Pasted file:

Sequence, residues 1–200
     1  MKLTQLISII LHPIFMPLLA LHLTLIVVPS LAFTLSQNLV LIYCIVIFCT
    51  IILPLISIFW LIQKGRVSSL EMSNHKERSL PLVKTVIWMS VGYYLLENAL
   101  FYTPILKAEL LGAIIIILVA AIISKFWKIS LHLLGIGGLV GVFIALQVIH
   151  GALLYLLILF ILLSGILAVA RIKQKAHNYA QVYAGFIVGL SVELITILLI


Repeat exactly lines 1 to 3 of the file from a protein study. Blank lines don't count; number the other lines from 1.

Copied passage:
Sequence, residues 1–200
     1  MKLTQLISII LHPIFMPLLA LHLTLIVVPS LAFTLSQNLV LIYCIVIFCT
    51  IILPLISIFW LIQKGRVSSL EMSNHKERSL PLVKTVIWMS VGYYLLENAL